The family of a Catholic man killed by loyalists in collusion with state forces has called for the release of details of a recently found arms cache which they believe could finally secure a conviction for his murder.
Tommy Casey was shot dead by the unionist paramilitary UVF at the home of a friend near Cookstown in October 1990. It is believed the UVF acted in concert with members of the RUC police and the British Army’s Ulster Defence Regiment (UDR) in the murder.
It was recently revealed that four UDR members were questioned about the attack, in which Mr Casey’s wife Cathleen was also injured. One of the guns used to kill Mr Casey, a .455 revolver, has never been found.
The PSNI police revealed last week that “firearms including a handgun” and ammunition were recovered in a mainly unionist area at Tullyveagh Road, near Cookstown. The PSNI has refused to confirm how many guns or what type of weapons have been recovered.
Mr Casey’s son Conor said he is concerned about the lack of information.
“I have instructed my solicitor to formally enquire as to the make, model and serial of the weapons found and to seek confirmation as to the ballistics histories of these weapons,” he said.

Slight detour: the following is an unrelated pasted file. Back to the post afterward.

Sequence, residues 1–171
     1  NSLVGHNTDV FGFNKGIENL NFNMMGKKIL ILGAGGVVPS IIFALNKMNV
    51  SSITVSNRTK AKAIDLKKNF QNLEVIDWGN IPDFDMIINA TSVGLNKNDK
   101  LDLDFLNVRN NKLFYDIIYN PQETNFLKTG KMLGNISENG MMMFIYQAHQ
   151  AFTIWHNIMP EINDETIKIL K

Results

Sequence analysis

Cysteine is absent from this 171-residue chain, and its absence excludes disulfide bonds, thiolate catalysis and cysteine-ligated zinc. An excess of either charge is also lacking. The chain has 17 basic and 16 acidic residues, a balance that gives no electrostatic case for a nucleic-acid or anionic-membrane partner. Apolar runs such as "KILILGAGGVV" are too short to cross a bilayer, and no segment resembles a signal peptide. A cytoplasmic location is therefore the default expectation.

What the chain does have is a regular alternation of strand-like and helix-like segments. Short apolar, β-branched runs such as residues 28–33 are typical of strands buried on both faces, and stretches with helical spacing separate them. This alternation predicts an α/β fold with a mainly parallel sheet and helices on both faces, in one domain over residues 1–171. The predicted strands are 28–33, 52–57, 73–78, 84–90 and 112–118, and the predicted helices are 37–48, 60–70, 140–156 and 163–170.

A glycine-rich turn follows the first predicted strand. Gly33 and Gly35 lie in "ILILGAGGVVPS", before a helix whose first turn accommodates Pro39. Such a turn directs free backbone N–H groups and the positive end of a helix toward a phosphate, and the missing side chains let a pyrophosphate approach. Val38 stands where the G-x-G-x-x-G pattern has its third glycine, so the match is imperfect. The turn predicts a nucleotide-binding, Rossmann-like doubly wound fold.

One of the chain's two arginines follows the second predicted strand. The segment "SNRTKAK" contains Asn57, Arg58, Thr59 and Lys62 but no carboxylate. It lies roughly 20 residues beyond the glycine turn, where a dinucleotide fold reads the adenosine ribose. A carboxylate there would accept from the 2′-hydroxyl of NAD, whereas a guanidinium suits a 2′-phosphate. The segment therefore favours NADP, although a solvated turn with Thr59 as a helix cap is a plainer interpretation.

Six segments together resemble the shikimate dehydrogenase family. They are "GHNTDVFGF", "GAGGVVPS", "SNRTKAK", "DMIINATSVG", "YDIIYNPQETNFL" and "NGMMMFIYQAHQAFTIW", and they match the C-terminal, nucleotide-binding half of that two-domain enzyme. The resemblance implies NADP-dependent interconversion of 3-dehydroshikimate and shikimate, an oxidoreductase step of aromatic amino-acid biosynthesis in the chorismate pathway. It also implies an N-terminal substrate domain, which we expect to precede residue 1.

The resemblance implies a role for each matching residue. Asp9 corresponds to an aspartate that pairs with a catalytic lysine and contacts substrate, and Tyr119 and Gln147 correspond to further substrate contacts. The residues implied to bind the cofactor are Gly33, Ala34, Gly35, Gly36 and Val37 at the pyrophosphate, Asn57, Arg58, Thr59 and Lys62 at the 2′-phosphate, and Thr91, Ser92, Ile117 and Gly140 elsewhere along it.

His lawyer Niall Murphy said he will be demanding more information about the find.
“This weapons find, allied with other fresh information could provide optimism for he prospect of successful prosecutions.”
The PSNI have faced accusations of covering up details of suspected loyalist arms finds in recent months.
In contrast, last year the PSNI released full details and photographs of weapons, including mortars and claymore mines, recovered from a republican arms dump at Capanagh Forest near Larne days after they were recovered.
Two days before the murder of Mr Casey, a woman who lived in the house was awoken in the early hours of the morning by a noise on her roof. On looking outside she saw two figures climbing off a low level roof at the back of the property.
Mr Casey’s family believe these men may have been British soldiers who were carrying out surveillance on the house, which was frequented by republicans.
They believe there was collusion in the case and suspect that their father may have been murdered by members of the UDR.
The fact that the killers did not bring a getaway car but instead used the victim’s own vehicle to escape has further fuelled suspicion of Crown force involvement. It is unusual for people involved in loyalist activity not to provide their own means of escape.
“Missing forensics, the possibility of surveillance and the killers having the confidence to turn up to commit murder in a remote area without a getaway vehicle, all points to a familiar impunity afforded in the Mid Ulster area at this time,” Mr Murphy said.
“UDR men were suspected and were arrested for this murder and there is a renewed confidence that fresh information will emerge that will now result in prosecutions.”